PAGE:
Saturday, October 23, 2010

Missional Quaker Faith: Following Jesus

This essay will be the simplest of all that follow. It may also be the most important. In considering what a truly missional Quaker movement might look like, it is essential that we clarify what is at the center of our life together. As the title of this essay suggests, I believe that the heart and soul of any faithful missional community must be a shared commitment to following Jesus.

It is easy for us to serve many things besides Jesus. Even as communities whose primary purpose is to follow him, we have the tendency to elevate secondary elements above the Lord himself. From the color of the carpets in the building where we meet, to our styles of worship and the names of our committees, we are very good at latching onto things that should be secondary.

As we develop missional Quaker communities, however, we must not fall into these traps. If Jesus is not at the center of our lifePlenary sessions at TRANSFORM in DC together, we have turned our undivided attention - our worship - away from God. No matter how noble or important we may convince ourselves that any other priority is, if it takes the place of following Jesus, we are in great spiritual danger as a community. Across the Religious Society of Friends in North America, our local churches and wider fellowships have spent decades arguing about interpretations of the atonement, the nature of Christ's divinity, and homosexuality. Yearly Meetings have dissipated untold energy fighting over matters that, while important, can ultimately be distractions from the hard work of taking up our cross and following Jesus.(1)

How do we keep our eyes on Jesus? How do we make sure that we are following him and not our own false certainties? There are no easy answers. It is hard not to get caught up in ideology, because ideas really do matter. I would not be writing these essays if I thought otherwise. But there is always the temptation to prioritize ideas over relationship, and when we are primarily focused on being right, our relationship with God is the first thing to go out the window. We stop paying attention. We stop listening.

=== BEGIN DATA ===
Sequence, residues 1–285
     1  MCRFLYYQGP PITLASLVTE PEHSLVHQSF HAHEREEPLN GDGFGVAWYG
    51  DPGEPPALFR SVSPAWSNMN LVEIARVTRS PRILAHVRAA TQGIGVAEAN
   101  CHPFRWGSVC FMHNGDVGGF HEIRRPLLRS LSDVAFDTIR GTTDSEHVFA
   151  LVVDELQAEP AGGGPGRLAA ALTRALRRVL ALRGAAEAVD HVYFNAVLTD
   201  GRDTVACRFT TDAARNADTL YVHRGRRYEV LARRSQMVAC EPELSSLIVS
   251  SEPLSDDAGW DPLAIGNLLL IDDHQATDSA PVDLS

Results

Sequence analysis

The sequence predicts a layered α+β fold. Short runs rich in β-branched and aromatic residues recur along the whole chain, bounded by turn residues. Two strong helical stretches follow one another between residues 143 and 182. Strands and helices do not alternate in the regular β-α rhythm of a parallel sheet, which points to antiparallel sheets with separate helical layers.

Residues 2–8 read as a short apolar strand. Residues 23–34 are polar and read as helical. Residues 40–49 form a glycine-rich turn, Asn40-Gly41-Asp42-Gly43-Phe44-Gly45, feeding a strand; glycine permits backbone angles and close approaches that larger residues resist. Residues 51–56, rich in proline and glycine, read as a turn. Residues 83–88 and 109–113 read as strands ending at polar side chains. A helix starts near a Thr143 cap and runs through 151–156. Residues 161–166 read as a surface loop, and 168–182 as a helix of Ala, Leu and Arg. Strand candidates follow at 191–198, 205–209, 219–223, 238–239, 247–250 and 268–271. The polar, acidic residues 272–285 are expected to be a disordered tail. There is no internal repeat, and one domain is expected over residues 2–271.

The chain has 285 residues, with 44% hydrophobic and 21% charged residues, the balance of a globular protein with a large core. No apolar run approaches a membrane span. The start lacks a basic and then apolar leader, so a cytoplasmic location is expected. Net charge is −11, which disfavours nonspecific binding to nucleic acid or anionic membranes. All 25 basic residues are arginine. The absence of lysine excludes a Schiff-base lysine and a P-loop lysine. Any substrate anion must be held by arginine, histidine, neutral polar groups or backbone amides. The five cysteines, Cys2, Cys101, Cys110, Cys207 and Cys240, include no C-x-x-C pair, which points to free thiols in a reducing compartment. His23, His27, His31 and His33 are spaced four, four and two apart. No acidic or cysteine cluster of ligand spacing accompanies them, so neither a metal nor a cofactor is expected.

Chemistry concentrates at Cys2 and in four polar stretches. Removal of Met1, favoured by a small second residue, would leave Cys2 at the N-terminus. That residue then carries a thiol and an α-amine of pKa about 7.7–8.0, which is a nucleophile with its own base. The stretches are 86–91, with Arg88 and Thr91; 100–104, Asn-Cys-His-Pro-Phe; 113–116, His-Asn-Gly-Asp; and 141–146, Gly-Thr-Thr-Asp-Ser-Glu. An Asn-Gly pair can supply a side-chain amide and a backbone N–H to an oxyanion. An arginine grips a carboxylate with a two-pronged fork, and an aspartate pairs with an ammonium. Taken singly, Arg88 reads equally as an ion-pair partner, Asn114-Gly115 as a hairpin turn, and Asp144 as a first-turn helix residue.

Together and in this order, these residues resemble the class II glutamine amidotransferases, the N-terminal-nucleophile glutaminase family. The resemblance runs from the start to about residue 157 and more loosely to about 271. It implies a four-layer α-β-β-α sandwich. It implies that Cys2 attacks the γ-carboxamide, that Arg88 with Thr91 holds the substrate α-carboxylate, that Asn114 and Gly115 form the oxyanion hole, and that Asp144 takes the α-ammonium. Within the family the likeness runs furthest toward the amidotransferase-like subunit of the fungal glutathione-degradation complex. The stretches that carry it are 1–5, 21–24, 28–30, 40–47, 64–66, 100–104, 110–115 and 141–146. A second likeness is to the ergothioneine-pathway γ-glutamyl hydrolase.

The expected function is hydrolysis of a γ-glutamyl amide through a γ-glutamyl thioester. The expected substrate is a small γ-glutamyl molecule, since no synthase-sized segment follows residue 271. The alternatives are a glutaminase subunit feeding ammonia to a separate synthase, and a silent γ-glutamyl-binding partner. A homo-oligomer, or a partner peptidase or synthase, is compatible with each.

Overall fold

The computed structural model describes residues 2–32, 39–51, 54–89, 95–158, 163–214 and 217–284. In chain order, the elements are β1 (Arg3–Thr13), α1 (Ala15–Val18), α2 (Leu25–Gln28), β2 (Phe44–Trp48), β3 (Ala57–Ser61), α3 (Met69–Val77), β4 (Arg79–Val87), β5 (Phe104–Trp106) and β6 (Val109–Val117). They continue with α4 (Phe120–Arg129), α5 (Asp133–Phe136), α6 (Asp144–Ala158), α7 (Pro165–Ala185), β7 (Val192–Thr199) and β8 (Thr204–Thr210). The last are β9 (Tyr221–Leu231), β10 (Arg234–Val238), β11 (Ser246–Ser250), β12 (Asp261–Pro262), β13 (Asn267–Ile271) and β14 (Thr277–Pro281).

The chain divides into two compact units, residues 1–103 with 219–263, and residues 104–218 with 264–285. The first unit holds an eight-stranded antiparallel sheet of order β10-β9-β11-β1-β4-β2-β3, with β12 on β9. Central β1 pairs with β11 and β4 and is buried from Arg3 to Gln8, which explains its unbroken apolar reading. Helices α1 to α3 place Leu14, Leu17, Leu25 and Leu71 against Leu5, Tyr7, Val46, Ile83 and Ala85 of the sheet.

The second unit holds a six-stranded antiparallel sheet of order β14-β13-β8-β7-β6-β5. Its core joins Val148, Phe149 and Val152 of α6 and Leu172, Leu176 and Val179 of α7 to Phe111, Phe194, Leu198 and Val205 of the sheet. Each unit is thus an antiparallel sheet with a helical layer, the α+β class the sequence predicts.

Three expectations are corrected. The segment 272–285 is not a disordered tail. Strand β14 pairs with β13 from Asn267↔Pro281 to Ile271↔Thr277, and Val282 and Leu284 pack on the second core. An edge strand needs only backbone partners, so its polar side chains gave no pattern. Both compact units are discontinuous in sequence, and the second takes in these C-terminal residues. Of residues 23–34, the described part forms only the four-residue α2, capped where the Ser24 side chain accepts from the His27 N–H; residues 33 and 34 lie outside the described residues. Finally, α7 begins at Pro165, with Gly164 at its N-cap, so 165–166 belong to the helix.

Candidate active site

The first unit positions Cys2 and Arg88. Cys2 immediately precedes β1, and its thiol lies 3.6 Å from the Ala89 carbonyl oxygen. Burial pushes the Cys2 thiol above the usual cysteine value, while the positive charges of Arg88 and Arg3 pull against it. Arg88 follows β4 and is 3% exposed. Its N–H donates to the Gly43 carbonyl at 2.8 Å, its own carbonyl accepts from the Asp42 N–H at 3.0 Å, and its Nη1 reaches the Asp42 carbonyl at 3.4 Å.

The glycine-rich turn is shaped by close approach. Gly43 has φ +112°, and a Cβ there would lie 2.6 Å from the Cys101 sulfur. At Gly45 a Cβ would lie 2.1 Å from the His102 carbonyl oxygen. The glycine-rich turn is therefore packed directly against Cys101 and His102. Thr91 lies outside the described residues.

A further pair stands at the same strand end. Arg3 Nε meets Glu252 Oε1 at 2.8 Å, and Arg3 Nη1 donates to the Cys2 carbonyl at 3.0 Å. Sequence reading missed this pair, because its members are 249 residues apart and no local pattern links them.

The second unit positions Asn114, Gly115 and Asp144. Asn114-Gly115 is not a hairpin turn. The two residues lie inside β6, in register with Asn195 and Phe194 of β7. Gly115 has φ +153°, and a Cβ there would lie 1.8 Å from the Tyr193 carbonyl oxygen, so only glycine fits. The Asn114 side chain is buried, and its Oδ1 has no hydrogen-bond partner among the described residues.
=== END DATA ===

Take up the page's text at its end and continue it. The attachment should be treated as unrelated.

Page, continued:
Probably the biggest single factor that plays into whether we cling to God or to idols of our own making is the depth of our prayer life. If we are to keep our focus where it belongs, it is crucial that we take seriously the importance of prayer, both individually and in community.

We pray when we remember God throughout the day, whispering inwardly, "I love you." We pray when we wait in stillness, allowingFriends Meetinghouse at Osmotherley, England God to speak to our soul and show us our inward condition. We pray when we speak aloud words meant to draw us and others closer to God, acknowledging God's presence and power. There are so many ways to pray, and all forms of prayer are beneficial, so long as they are prayed in the name of Christ.

Of course, merely outwardly concluding our prayers with a perfunctory, "in Jesus' name" does not assure that our prayers will be rightly directed. We must be in him, and he in us, if we are to pray in the right spirit. Our prayers must be offered in unguarded love, humility and honesty. We must pray as we are, rather than as we wish we were. By making ourselves vulnerable to Christ, he will shine his Light in our hearts and transform us bit by bit, remaking us in his image.

When this happens, all of our self-assuredness melts away, and we find not only intimacy with God, but with our brothers and sistersChristy and Liz at the World Gathering of Young Friends as well. Our commitment to putting Jesus first has the power to transform community, because when we open our hearts to him, we begin to see how he is at work in others, too. Suddenly, we are able to see others in the Light of Christ. Now, even if we still have profound disagreements, we can see how Jesus is present in the hearts of our brothers and sisters, and we can commit to partnering with Christ's work in them.